BYO
By George Stewart

One of the long standing traditions at Cru is our irreverent, raucous series of Bring Your Own dinners hosted by our legendary Fine Wine Director, Ben Collins. For the latest instalment we went to Clarke’s Restaurant on Kensington Church Street near Notting Hill Gate and with a cast of 18 people and 20 wines the evening turned out to be one of the best in recent memory.

This isn’t exactly a civilised sit down over pleasantries and talk about the merits of each wine. There is an element of competition to it all with prizes awarded at the end of the evening for wine of the night and Lemon (an actual lemon being presented to the unhappy individual to bring the last place bottle).

Whites to Start

We started off the night with some Louis Roederer Champagne (just the NV, nothing fancy) before moving onto the Raveneau Chablis Grand Cru ‘Blanchots’ 1999 and Jean-Louis Chavy 2008 Puligny-Montrachet from magnum. With the first course we had the stunning Zind Humbrecht Pinot Gris Clos St Urbain 1996. Honeyed and deep it was succulent and absolutely delicious.

Red Burgundy Steals the Show

Moving onto the reds we were spoiled by a range of superlative Red Burgundy. Starting with the Mugnier 2004 Clos de la Marechale Nuits-Saint-Georges, we were off to the races. Following on with a magnum of Florent de Merode Corton Clos du Roy 2006 (a running joke throughout the evening played on the fact that Merode’s bottles do not have any vintage statement, either on label or on the cork – “Corton NV, anyone?”). An absolutely stunning magnum of Ghislaine Barthod Chambolle les Cras 2000 turned every head at the table and a bottle of Nicolas Potel Grands Echezeaux 1999 had enough power to set us up nicely for the transition to the Rhones.

Rhone Duo

It was about now that the most velvety, rare cut of veal arrived for our main course. Along with the perfectly cooked winter root vegetables and a magnum of Chateau de Beaucastel 1999 Chateauneuf-du-Pape, many were on cloud nine. Following on, the Rene Rostaing Cote Rotie ‘Cote-Blonde’ 1998 was smoky, earthy and beautiful and emerged as an early contender for ‘Wine of the Night.’

Australian Cameo

After a brief foray into the new world with Clarendon Hills Astralis and Jasper Hill Georgia’s Paddock Shiraz, both 1998 we were astonished by the volume of ripe new fruit and the weight of the wines even after 17 years. It was always going to be hard following up such mighty wines however our guests and friends found a way.

Bordeaux: Mature Flight

Three vintages of Bordeaux; Leoville-Barton 1994, Leoville las Cases 1985 and Grand Puy Lacoste 1982, brought us back to France and for those restrained with the mains, these each paired marvellously with the veal. The ’94 faced a tough audience but I think was pretty good for the vintage, and the Las Cases and GPL showed marvellously.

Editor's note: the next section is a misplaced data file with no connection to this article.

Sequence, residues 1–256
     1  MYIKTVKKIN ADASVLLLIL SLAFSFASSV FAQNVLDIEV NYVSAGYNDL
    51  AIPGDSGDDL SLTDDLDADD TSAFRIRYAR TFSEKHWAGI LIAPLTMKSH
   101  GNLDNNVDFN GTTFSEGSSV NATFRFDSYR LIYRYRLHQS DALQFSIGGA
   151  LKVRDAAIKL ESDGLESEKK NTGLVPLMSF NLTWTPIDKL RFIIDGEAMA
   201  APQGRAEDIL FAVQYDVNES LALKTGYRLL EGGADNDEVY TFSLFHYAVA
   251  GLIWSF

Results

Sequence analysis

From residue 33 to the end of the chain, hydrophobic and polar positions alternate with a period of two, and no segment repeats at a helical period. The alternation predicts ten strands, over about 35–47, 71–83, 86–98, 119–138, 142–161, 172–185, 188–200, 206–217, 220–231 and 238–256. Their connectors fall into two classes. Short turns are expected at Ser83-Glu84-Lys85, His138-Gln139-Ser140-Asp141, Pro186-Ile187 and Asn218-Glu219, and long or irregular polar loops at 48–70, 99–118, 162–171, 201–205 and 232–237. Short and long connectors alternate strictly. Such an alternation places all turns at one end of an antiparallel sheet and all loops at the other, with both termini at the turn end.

Bordeaux: Flight 1998

By sheer coincidence, the evening evolved at this point into a shoot-out between 1998 clarets with a Mexican standoff of La Mission Haut Brion, Montrose and Vieux Chateau Certan. Served as a flight of three, this proved to be a divisive subject for the night, but it seemed that the VCC emerged as the victor of the three (and another contender for wine of the night) with the La Mission and Montrose battling for second place.

Sweeties

We wrapped up with a fantastic cheese plate before a poached pear dessert (the order of these two caused further controversy – Where are we France?) and paired with 1997 Coutet and 2006 Lang Trockenbeerenauslese. This brought us to a heated debate over coffee.

Wine of the Night

Ben presided over the assize for wine of the night and the already raucous table erupted into chaos. Some clamoured for the Barthod 2000, others declared for the young pretender of the Astralis. Seasoned voices at the table pronounced the Vieux Chateau Certan to be the one true king, however in the end it was the Rostaing Cote Rotie which was crowned lord over them all.

And the Lemon Goes To...

Selection of the ‘Lemon’ caused further upheaval as it was one which some nominated the best. However, a small yellow citrus thrown in the direction of Cru’s own Alice Sheppard (for her offering of the Astralis) declared her new world experiment the ‘Lemon of the Night.’ A difficult moniker to swallow, considering the good reception the Astralis received at the table, but among such a crowded field, the distance between 1st and 20th place is not so far!

As the dust settled and the ruinous remnants of the evening became clear, the competitors-ahem-diners looked about and declared the evening a resounding success. A well-merited applause to the staff and kitchen of Clarke’s restaurant rounded off the night and we eagerly look forward to the next instalment of the Cru BYO Dinners.

To express interest in future BYO dinners, e-mail info@uk.cruworldwine.com or ring 0207 235 2100

Wine List

Louis Roederer Brut NV, Jean-Louis Chavy Puligny Montrachet 2008, Raveneau Grand Cru Chablis Blachots 1999, Zind Humbrecht Rangen de Thann Pinot Gris Clos St. Urbain 1996, Jacques Frederic Mugnier Nuits-Saint-Georges 1er Cru Clos de la Marechale 2004, Prince Florent de Merode Corton Clos du Roy 2006 (allegedly) Magnum, Ghislaine Barthod Chambolle Musigny 1er Cru les Cras 2000 Magnum, Nicolas Potel Grands Echezeaux 1999, Clarendon Hills Astralis 1998, Jasper Hill Heathcote Georgia’s Paddock Shiraz 1998, Chateau de Beaucastel Chateauneuf-du-Pape 1999 Magnum, Rene Rostaing Cote-Rotie Cote Blonde 1998, Grand Puy Lacoste 1982, Leoville las Cases 1985, Leoville Barton 1994, Montrose 1998, Vieux Chateau Certan 1998, La Mission Haut Brion 1998, Lang Trockenbeerenauslese 2006, Coutet 1997.